Pro forma invoice
A pro forma is issued before work is completed or goods are delivered. Such an invoice is used to generate sales rather than confirm money owed by the buyer. Instead, it serves as a quotation where the seller commits to offer their services or goods at the stated price.
This invoice is meant more as a quote than an actual request for payment. It indicates the estimated price of goods or services and not the final price. So, this should be communicated to the customer. Proposals will typically be used for large projects.
A commercial invoice is used when selling goods that have to be shipped across international borders. It is used for customs declaration. In addition, it is used to request payment, indicate the value of goods supplied, and all other fees incurred by the seller.
Such an invoice is issued once the payment due date has elapsed. Since most payments will have a due date of 30, 60, or 90 days, a past-due invoice will be issued after the respective time frame. This invoice should not be confused with an outstanding invoice issued when payment has not been made and the due date has not passed.
In some cases, you may have to award the customer a discount or a refund, maybe due to invoicing errors or goods that have been returned due to defects. In such cases, a credit invoice is issued detailing how much the customer will be reimbursed or the discount awarded. The amount on a credit invoice is a negative number – for example, if a refund of $100 is given, the amount on the document will be -$100. This invoice is, in some instances, referred to as a credit note or memo.
A debit invoice is contrary to a credit invoice. It is issued to collect additional payments from a client. This can be in cases where the payment was incorrectly invoiced, or the customer paid less than the goods valued.
Such an invoice collects payment for work billed based on hours. For example, timesheet invoices include information regarding hours of work and the workers’ salaries or wages for that period. Such an invoice can be suitable for consultancy or service-based work.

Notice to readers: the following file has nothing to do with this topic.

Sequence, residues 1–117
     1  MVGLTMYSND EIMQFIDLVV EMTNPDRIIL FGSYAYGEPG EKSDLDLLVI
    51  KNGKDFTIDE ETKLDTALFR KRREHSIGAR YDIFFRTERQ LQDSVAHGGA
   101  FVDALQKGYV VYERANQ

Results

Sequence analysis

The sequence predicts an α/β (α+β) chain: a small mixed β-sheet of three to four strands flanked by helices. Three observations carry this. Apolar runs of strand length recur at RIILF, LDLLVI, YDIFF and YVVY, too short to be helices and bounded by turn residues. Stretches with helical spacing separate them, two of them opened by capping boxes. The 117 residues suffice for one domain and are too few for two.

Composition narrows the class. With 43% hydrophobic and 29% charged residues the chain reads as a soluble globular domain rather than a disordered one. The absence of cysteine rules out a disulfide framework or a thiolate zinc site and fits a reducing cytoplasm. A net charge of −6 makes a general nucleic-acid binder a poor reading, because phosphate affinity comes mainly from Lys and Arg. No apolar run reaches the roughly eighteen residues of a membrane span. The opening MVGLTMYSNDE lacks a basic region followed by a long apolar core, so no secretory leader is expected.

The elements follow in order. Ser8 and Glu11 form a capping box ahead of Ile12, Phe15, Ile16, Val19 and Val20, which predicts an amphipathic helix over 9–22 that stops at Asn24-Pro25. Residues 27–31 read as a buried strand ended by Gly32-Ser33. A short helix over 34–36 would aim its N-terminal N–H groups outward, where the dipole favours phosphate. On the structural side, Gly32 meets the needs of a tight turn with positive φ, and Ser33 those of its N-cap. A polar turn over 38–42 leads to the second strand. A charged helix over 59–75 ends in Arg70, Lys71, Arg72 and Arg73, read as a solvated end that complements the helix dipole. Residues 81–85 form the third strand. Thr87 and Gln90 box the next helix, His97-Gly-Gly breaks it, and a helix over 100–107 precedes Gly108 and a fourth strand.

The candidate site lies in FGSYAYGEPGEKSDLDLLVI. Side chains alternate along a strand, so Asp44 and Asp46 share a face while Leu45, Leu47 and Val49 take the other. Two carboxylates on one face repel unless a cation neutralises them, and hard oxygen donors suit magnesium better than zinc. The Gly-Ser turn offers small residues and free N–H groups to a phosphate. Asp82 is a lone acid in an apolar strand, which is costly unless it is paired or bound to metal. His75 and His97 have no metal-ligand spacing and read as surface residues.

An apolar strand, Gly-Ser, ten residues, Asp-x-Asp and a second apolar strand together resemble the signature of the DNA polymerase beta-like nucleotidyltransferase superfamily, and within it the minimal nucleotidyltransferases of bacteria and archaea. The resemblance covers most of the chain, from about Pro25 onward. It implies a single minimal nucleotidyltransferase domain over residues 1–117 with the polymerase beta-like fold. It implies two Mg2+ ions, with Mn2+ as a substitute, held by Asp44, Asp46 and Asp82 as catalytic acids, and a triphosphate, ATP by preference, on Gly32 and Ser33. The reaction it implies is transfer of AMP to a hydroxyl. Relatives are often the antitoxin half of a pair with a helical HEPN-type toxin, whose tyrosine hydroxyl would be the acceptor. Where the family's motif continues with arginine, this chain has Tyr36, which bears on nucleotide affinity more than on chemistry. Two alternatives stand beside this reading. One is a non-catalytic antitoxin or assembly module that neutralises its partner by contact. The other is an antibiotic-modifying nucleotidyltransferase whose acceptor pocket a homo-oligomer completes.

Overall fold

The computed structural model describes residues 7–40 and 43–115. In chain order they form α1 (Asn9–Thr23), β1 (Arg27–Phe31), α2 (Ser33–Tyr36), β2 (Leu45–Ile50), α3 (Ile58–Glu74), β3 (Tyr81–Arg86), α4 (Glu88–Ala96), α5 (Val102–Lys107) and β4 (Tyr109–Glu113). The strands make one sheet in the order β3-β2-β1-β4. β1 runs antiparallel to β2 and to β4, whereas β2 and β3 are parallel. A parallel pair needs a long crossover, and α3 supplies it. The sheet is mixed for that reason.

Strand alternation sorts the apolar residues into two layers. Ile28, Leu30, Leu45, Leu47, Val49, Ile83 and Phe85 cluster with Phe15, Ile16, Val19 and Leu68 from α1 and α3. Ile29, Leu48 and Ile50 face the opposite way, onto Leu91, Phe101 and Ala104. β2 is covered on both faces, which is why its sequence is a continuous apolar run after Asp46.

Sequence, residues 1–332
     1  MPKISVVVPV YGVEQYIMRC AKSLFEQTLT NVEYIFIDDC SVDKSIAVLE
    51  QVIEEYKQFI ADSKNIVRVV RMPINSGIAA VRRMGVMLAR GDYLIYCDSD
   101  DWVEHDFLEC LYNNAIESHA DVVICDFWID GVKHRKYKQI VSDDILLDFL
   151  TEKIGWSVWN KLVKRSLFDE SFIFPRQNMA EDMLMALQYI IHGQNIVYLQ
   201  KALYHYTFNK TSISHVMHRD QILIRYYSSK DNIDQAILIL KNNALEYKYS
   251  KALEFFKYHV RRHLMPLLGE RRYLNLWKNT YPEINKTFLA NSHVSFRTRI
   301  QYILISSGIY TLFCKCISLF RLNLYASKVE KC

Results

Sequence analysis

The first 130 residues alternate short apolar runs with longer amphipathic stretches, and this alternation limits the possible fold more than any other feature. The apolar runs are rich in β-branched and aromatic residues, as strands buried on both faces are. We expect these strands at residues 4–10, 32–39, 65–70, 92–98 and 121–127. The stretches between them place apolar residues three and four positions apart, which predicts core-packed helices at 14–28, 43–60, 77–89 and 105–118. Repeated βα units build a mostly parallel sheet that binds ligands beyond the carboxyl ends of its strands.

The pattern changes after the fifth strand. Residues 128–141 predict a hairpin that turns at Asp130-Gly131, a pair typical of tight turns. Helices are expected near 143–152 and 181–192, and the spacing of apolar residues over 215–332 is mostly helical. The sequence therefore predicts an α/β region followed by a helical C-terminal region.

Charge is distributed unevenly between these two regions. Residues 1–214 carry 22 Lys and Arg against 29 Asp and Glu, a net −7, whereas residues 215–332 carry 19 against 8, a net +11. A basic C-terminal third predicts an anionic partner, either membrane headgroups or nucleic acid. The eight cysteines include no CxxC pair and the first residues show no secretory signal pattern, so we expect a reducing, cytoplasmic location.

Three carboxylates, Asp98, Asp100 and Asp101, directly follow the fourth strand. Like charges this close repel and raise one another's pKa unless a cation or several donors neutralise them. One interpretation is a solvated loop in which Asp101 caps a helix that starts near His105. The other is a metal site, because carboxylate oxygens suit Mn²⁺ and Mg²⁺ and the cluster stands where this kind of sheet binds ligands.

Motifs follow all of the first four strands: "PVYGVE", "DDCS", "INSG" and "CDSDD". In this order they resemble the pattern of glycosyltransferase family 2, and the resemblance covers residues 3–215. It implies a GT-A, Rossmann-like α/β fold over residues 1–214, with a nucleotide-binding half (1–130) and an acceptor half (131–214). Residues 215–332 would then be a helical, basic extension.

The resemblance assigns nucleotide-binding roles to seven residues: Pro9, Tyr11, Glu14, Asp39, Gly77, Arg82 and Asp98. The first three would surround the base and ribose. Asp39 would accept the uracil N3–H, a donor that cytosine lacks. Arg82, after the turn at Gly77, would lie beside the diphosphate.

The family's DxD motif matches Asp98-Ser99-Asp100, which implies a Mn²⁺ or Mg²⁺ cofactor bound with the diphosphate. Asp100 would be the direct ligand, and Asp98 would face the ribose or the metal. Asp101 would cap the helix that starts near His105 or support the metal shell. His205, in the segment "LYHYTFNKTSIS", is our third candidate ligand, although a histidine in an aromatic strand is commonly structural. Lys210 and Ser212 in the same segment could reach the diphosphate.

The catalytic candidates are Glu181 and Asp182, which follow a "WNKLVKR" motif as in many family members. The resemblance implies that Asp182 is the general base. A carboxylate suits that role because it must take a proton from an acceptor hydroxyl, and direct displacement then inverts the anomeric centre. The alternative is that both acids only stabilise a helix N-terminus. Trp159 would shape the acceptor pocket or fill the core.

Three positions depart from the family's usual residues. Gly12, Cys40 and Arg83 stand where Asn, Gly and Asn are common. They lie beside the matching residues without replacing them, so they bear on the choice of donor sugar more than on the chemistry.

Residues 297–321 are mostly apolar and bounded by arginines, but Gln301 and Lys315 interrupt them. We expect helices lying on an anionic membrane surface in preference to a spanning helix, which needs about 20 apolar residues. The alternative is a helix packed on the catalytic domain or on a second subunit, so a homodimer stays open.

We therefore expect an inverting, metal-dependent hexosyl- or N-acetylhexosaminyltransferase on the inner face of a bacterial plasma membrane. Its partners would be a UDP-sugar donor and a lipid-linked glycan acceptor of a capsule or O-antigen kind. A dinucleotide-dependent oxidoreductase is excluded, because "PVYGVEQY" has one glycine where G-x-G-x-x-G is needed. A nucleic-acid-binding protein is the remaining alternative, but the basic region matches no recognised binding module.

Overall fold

An interim invoice is issued during a project to request periodic payments. This is issued based on what has been completed so far. The invoice can be issued weekly, monthly, quarterly, or any other interval basis. The amount requested should be based on the initially agreed cost of the project. Therefore the total amount collected through the interim invoices should not exceed the total estimated cost of the project. This invoice is also known as a progress invoice or progress bill.
Sometimes customers can make advance payments, such as subtracting a deposit from the total cost of goods or services. In such cases, you should send them a retainer invoice showing the advance payment and the balance. The balance ought to be paid after goods or services have been delivered.
Recurring invoices track and collect payment for ongoing or repeating transactions. As a result, they are sent at regular intervals. An example of such an invoice is a subscription invoice used to track the payment for goods or services purchased under a subscription agreement.
A final invoice is sent at the end of a project. The details on this invoice usually include work that has been completed, hours billed, additional costs incurred, etc. It also includes any discount given, shipment quotes, and the final payment’s due date, where applicable. If interim invoices were issued, they should be declared in a final invoice.